Journal article

Fast food restaurant locations according to socioeconomic disadvantage, urban-regional locality, and schools within Victoria, Australia

Lukar E Thornton, Karen E Lamb, Kylie Ball

SSM-POPULATION HEALTH | ELSEVIER SCI LTD | Published : 2016

Abstract

Features of the built environment provide opportunities to engage in both healthy and unhealthy behaviours. Access to a high number of fast food restaurants may encourage greater consumption of fast food products. The distribution of fast food restaurants at a state-level has not previously been reported in Australia. Using the location of 537 fast food restaurants from four major chains (McDonald׳s, KFC, Hungry Jacks, and Red Rooster), this study examined fast food restaurant locations across the state of Victoria relative to area-level disadvantage, urban-regional locality (classified as Major Cities, Inner Regional, or Outer Regional), and around schools. Findings revealed greater locatio..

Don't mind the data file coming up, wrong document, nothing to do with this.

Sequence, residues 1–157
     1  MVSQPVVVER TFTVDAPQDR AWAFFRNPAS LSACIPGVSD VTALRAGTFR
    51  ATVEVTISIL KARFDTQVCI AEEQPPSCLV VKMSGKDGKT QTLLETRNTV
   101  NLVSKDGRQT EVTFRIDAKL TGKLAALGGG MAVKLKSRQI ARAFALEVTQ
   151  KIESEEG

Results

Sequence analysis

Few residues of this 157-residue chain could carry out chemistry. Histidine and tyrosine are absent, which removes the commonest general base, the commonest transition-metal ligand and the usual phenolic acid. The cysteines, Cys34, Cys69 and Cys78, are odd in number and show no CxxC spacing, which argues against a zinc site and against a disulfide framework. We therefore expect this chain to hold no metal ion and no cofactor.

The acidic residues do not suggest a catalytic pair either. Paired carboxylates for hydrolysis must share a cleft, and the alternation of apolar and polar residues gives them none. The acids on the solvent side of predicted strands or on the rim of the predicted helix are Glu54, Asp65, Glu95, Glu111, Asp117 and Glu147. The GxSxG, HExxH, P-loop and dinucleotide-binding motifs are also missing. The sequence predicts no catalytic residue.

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Grants

Awarded by Deakin University Alfred Deakin Postdoctoral Research Fellowship


Awarded by NHMRC Principle Research Fellowship


Funding Acknowledgements

KEL is supported by a Deakin University Alfred Deakin Postdoctoral Research Fellowship (Grant number RM27751). KB is supported by a NHMRC Principle Research Fellowship, ID#1042442. We would like to acknowledge Jennifer McCann for her assistance with sourcing the data and Ralf -Dieter Schroers for the geocoding and creation of the access measures.